Praying at Home Today: Saturday 29 May 2021
Praying at home today:
Caring for the poorest, the outcast, the persecuted – those with no voice
A warm welcome to PrayingAtHome.com, where you can find worship resources for praying at home today or wherever you are.
We hope these readings, prayers, music and the short reflection will help you stay in touch with the Church and to sustain you on your journey through life.If this is your first visit to this website, then you might like to read about the common elements and the suggested structure for each day’s prayer. Everything’s optional!
Opening to the Word
You can spend a few moments in silence,
focussing on your breathing
to become more mindful of the present moment
and to open yourself more fully
to God’s presence within you.
Ah, you who call evil good and good evil,
who put darkness for light and light for darkness
who put bitter for sweet and sweet for bitter!
Vae qui dicitis malum bonum, et bonum malum;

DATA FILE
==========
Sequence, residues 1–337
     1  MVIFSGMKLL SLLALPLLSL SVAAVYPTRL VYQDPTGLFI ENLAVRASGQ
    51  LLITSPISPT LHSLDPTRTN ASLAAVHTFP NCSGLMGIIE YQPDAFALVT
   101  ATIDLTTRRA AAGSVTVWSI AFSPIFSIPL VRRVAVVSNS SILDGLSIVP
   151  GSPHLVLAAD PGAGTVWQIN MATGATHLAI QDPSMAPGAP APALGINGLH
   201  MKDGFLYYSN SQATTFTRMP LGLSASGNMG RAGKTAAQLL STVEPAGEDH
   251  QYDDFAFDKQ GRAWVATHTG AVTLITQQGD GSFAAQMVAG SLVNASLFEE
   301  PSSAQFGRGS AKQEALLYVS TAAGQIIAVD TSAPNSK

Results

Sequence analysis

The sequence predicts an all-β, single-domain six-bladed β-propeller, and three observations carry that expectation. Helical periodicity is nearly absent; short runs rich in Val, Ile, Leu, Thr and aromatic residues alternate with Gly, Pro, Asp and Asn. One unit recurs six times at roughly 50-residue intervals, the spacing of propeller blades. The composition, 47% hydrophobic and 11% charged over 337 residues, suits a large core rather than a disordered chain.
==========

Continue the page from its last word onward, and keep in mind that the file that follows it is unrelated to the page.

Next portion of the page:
ponentes tenebras lucem, et lucem tenebras;
ponentes amarum in dulce, et dulce in amarum!
Malheur à ceux qui appellent le mal bien et le bien mal,
qui changent les ténèbres en lumière et la lumière en ténèbres,
qui changent l’amertume en douceur et la douceur en amertume!
The Liturgy of the Word
Woe to the perverse
The English translation of the first word in today’s Short Reading is a bit tame: “Ah”.
The Latin text’s “Vae” (“Woe”) is considerably stronger!
The prophet denounces those who would attempt to deceive their listeners.
As Tolkein spoke of the Great Deceiver, the one who would attempt to lead others astray, so did Jesus himself, strongly denouncing those who would lead little ones astray, saying,
If any of you put a stumbling-block